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Goodnight Mister Tom, Chichester Festival Theatre

A kindly curmudgeon wins the heart

This stage adaptation of Michelle Magorian's moving 1981 novel for children, Goodnight Mister Tom has everything that tugs the heart strings and stimulates the tear ducts. But it is also splendidly faithful to the book's remarkable depiction of the darkness of death and mental illness, bullying, bigotry and parental cruelty. And in Angus Jackson's production it has moments of enchanting comedy courtesy of the alternating teams of very appealing child performers.

When William Beach arrives as an evacuee in Dorset, even well-meaning locals reckon that he has drawn the short straw in being billeted on the curmudgeonly widower, Mister Tom. The boy is bruised, illiterate, baffled by kindness. The old man is gruff, wary of displays of emotion and semi-reclusive since the death in childbed of his wife and daughter 41 years before. They gradually form a bond. But William is summoned back to London by his abusive mother, only to be discovered by Mister Tom, after an air raid, locked in a closet and cradling the corpse of a baby girl.

Oliver Ford Davies traces Mister Tom's reawakened capacity for tenderness most touchingly. Bringing a simultaneous lump to the throat and a smile to the lips, there is a delightful puppet dog, manipulated by a puppeteer in one of those Hovis ad flat caps. I found especially upsetting the scene where this adorable canine was barred from entering the hospital room where Mister Tom was due to discuss William's future with the psychiatrists.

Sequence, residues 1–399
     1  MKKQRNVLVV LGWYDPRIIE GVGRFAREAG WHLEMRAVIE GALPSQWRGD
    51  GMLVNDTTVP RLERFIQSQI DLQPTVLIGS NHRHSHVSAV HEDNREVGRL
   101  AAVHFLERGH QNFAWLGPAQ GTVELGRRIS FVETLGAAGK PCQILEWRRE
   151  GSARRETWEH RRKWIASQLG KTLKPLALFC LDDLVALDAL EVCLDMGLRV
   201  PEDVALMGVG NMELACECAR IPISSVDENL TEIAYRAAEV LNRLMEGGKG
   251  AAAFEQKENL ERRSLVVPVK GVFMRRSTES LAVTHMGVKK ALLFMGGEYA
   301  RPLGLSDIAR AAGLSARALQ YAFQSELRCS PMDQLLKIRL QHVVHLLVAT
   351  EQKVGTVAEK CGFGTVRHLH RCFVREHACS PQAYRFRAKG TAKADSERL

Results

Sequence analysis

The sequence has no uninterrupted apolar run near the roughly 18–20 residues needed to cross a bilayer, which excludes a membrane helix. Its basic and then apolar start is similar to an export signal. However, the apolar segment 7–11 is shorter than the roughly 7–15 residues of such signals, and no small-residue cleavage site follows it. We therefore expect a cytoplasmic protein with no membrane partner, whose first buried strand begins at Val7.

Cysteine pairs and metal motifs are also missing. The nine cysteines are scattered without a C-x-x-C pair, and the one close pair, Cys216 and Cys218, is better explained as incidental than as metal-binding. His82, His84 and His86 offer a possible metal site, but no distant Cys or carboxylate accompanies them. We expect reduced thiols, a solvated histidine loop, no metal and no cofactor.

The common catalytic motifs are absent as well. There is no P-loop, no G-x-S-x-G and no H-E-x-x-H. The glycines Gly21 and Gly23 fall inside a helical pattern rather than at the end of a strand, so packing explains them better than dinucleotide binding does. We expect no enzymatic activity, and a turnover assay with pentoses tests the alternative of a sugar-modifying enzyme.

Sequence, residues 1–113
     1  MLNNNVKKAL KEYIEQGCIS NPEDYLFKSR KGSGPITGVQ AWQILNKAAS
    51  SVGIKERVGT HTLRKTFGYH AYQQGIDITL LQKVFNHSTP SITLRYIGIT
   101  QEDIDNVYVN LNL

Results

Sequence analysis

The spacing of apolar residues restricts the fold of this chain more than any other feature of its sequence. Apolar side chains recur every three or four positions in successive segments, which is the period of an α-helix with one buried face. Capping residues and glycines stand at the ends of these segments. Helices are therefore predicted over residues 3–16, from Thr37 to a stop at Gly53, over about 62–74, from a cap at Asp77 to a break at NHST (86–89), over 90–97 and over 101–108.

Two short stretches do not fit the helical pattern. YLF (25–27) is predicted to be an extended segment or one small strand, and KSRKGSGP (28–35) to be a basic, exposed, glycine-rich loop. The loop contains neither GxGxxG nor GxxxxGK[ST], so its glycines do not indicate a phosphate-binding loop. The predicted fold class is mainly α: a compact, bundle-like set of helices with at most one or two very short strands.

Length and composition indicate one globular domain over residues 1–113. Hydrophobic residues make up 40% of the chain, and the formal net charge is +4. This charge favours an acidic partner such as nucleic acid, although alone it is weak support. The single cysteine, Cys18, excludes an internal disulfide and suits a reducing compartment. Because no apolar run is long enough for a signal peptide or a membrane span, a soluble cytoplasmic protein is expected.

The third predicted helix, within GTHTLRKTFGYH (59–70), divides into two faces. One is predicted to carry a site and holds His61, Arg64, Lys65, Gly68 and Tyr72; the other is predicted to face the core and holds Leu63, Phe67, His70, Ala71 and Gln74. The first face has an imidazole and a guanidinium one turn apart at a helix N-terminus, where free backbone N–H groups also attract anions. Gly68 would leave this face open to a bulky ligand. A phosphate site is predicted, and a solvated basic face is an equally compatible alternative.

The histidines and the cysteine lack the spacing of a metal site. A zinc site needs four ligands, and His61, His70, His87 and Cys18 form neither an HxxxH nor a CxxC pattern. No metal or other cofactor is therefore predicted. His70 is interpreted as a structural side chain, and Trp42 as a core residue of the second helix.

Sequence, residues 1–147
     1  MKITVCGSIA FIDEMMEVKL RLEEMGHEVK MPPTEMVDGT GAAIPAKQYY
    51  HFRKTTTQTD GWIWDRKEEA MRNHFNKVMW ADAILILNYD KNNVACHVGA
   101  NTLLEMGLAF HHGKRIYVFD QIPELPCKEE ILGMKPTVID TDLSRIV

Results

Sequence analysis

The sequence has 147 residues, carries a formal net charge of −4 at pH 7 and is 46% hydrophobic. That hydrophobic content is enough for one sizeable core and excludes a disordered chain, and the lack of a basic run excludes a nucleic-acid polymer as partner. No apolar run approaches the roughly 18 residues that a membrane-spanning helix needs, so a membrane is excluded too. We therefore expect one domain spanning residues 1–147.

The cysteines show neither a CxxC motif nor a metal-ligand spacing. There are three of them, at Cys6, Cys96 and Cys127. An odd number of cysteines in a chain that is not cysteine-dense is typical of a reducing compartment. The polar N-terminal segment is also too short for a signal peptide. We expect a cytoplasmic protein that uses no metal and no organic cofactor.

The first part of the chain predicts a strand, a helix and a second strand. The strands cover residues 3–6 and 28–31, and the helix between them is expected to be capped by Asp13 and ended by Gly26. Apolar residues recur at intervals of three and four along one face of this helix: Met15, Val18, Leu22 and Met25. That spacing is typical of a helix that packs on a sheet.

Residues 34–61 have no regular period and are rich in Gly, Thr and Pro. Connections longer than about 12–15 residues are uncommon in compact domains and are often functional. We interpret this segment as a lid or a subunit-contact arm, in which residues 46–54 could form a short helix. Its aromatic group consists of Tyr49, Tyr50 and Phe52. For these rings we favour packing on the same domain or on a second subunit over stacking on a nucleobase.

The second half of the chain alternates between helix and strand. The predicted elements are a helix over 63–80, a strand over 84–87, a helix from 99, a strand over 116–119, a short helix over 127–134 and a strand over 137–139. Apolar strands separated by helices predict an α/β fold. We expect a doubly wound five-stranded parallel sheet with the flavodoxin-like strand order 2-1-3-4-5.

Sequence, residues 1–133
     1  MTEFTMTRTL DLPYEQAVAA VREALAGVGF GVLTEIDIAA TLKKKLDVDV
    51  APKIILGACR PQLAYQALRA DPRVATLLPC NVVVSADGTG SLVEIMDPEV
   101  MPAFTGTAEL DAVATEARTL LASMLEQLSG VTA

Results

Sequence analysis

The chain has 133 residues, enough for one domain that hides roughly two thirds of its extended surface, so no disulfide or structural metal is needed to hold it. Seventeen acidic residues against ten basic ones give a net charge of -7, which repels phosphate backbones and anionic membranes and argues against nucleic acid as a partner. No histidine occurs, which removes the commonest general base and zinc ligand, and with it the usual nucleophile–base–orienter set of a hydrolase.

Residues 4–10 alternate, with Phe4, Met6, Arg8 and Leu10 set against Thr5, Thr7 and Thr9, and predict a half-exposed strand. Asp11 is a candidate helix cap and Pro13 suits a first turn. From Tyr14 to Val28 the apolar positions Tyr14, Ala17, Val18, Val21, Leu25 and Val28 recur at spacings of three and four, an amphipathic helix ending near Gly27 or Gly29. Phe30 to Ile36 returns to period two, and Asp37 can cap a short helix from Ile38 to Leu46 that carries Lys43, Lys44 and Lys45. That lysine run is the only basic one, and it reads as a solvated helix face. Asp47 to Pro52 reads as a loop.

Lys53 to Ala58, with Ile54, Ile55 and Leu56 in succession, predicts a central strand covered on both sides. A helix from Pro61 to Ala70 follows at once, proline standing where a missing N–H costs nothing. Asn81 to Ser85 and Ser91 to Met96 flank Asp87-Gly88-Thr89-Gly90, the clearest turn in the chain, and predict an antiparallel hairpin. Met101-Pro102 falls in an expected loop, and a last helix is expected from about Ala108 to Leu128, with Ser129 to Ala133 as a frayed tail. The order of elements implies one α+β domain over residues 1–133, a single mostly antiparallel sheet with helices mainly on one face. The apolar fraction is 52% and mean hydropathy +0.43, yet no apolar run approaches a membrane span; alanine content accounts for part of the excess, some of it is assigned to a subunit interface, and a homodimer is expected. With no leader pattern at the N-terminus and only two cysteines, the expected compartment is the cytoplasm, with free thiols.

Comically contrasted with William's brooding quietness is his wonderful show-off friend Zach, the Peter Pan of middle-class infant precocity and with am-dram ambitions that would make Bottom appear quite a retiring backstage type. Village society is nicely etched in, too, with an Ealing-esque broad drollery. In our current world where you have to apologise in advance if "real smoking" is to happen on stage, a fag-puffing GP now looks as picturesquely dated a phenomenon as wearing woad.

There's a spectacular set by Robert Innes Hopkins. The platform of a country station, replete with evocative travel posters for Dorset will suddenly rear up like a huge drawbridge disclosing a grimy peeling slum home where the roost is ruled by a violently religious and emotionally vindictive mother. Goodnight Mister Tom may be aimed primarily at children but it has some of Dickens's power of fixing on our primal fears – as when it seems that insensitive medics may haul William away from the ideal, loving foster parent of happier fantasies. And it's not a story of untroubled redemption, either. Even when William is recovering back in Dorset, his progress is cruelly hindered by the death of his best friend (the utterly winning little show-off) in the London bombing – an event staged here in one great severing flash.

At the end, there isn't a dry eye in the house. This show is going to be a big success – and I wouldn't mind the Kleenex franchise.

Touring to 14 May ( www.goodnightmistertom.co.uk)